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STATE OF KANSAS v. AARON ANTHONY BREAULT
Case Number: 114,656
Judge: Karen Arnold-Burger
Court: IN THE COURT OF APPEALS OF THE STATE OF KANSAS
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While on patrol, Officer Cory Chambers "observed a red Yamaha moped . . . conduct an improper left turn." While the driver was making the turn he appeared to wobble from side to side and had both feet on the ground. Chambers initiated a stop of the vehicle and made contact with the driver, Breault. Chambers noticed that Breault smelled strongly of alcohol and had bloodshot eyes. Chambers conducted two field sobriety tests, both of which indicated that Breault was too impaired to drive. Chambers arrested Breault and he was charged with DUI, driving without a valid driver's license, improper turn, and driving a bicycle or motorized bicycle without a brake.
Breault waived his right to a jury trial. His case was tried to the district court which found him guilty of all charges except driving without a valid license. Following the trial, Breault filed a motion for judgment of acquittal, arguing that the State failed to prove that he had been operating or attempting to operate a motor vehicle. After a hearing, the district court denied the motion as applied to the DUI charge, but granted an acquittal on the fourth charge, driving a bicycle without a brake, finding that there was conflict between the two charges—one alleging he was driving a motorized bicycle, the other a motor vehicle (which specifically excludes a motorized bicycle).
Breault now appeals.
Breault argues that there was insufficient evidence to convict him of driving a motor vehicle under the influence of alcohol. Specifically, Breault contends that the State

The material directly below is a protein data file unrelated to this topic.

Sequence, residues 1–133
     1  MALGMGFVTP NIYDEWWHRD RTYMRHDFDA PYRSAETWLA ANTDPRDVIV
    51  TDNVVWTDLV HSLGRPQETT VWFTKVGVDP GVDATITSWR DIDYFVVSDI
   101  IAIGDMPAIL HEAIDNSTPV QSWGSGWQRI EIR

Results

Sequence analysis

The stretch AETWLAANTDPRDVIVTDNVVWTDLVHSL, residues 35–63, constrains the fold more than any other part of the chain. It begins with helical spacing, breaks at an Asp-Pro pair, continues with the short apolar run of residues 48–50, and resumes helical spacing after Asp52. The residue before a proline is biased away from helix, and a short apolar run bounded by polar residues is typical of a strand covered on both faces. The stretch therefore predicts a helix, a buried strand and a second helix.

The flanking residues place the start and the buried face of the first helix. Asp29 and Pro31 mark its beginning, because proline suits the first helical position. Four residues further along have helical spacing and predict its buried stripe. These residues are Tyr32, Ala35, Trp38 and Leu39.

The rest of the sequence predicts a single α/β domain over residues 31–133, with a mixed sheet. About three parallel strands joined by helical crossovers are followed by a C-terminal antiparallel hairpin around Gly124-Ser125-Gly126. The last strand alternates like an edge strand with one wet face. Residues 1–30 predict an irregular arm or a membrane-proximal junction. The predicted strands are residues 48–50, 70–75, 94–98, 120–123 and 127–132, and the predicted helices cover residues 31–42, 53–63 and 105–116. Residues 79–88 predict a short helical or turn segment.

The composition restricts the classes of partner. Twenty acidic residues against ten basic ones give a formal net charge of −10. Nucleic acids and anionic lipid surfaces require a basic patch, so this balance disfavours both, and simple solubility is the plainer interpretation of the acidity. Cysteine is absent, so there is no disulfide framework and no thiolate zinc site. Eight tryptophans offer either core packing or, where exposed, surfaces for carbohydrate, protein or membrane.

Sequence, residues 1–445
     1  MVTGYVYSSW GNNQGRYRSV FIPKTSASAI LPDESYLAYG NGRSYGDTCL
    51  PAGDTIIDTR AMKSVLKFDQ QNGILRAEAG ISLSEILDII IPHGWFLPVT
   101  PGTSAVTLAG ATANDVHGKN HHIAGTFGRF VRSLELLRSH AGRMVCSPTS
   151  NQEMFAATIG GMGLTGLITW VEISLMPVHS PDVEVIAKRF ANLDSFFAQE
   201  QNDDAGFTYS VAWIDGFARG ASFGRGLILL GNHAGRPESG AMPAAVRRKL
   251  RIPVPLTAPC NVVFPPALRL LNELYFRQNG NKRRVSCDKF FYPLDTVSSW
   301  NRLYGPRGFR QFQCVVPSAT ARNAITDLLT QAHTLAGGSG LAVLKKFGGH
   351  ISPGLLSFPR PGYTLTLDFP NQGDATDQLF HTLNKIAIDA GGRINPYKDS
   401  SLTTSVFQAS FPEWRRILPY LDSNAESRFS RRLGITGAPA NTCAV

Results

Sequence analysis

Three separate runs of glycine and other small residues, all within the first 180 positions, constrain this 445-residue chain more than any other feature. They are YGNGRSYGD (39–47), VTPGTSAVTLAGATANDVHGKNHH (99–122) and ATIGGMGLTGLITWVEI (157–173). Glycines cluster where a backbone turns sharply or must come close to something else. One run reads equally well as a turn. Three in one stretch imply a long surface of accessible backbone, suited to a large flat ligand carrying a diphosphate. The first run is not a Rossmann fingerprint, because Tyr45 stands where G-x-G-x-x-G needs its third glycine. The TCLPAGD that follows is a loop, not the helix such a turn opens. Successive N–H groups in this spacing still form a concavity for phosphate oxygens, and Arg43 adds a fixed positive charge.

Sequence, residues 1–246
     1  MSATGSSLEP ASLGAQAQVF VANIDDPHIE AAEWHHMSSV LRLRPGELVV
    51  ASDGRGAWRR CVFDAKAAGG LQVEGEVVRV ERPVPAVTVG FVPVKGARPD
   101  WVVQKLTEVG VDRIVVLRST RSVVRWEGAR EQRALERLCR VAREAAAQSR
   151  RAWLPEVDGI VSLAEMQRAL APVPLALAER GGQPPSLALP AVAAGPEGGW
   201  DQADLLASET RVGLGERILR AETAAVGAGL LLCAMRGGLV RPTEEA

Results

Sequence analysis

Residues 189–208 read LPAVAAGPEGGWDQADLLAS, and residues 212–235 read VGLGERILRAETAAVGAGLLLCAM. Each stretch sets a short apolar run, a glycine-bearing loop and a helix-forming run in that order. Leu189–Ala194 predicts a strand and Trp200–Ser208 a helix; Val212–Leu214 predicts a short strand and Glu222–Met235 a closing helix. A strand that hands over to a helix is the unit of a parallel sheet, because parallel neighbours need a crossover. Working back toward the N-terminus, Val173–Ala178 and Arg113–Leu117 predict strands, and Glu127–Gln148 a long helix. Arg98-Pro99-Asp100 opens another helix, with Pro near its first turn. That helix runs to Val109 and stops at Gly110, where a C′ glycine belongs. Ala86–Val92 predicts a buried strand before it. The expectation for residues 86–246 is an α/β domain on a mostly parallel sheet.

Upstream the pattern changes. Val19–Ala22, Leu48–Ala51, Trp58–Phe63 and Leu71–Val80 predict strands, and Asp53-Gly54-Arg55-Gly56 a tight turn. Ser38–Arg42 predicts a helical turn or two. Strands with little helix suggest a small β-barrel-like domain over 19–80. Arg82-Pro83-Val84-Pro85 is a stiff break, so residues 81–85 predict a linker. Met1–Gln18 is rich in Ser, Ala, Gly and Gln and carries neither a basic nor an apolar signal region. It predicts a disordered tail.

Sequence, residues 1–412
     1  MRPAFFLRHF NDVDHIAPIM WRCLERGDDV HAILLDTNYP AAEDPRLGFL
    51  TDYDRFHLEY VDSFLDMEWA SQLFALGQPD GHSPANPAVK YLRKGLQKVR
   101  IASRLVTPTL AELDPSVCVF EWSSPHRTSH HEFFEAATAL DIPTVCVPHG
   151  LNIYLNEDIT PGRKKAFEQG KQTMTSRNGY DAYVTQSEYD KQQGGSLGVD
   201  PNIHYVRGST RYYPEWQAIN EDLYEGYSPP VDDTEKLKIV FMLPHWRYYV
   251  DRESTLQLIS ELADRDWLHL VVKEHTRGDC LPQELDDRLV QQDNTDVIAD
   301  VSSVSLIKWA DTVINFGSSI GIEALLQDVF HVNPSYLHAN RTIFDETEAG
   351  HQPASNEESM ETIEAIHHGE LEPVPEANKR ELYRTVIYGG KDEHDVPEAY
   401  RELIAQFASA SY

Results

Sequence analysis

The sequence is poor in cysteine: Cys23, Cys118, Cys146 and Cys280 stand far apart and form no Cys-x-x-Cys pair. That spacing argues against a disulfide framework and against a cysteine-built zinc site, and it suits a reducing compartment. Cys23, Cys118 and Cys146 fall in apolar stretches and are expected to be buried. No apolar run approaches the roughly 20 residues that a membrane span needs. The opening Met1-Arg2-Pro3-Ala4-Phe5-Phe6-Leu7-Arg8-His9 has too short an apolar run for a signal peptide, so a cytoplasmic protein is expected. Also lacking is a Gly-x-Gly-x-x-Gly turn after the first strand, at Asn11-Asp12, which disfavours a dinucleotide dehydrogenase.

failed to prove that the vehicle he was driving was a motor vehicle rather than a motorized bicycle. When the sufficiency of the evidence used to convict a defendant is challenged on appeal, this court reviews the evidence in the light most favorable to the prosecution. The conviction will be upheld if this court is convinced that a rational factfinder could have found the defendant guilty beyond a reasonable doubt based on the evidence presented. State v. Dunn, 304 Kan. 773, 821, 375 P.3d 332 (2016). In conducting this review, this court generally will not reweigh the evidence or make determinations regarding the credibility of witnesses. 304 Kan. at 822. It is only in rare cases where no reasonable factfinder could have found guilt beyond a reasonable doubt that a guilty verdict will be reversed. State v. Matlock, 233 Kan. 1, 5-6, 660 P.2d 945 (1983).
Breault was charged with and convicted of "operat[ing] or attempt[ing] to operate a motor vehicle while" under the influence of alcohol in violation of K.S.A. 2012 Supp. 8-1567(a)(3) and (b)(1)(D). The DUI statute is part of the Uniform Act Regulating Traffic. K.S.A. 8-1401 et seq. The definitional section is contained in Article 14 of Chapter 8. K.S.A. 8-1437 defines "motor vehicle" as "every vehicle, other than a motorized bicycle or a motorized wheelchair, which is self-propelled . . . ." The Act defines "motorized bicycle" as:
"[E]very device having two tandem wheels or three wheels which may be propelled by either human power or helper motor, or by both, and which has:
"(a) A motor which produces not more than 3.5 brake horsepower; "(b) a cylinder capacity of not more than 130 cubic centimeters; "(c) an automatic transmission; and "(d) the capability of a maximum design speed of no more than 30 miles per hour . . . ." K.S.A. 8-1439a.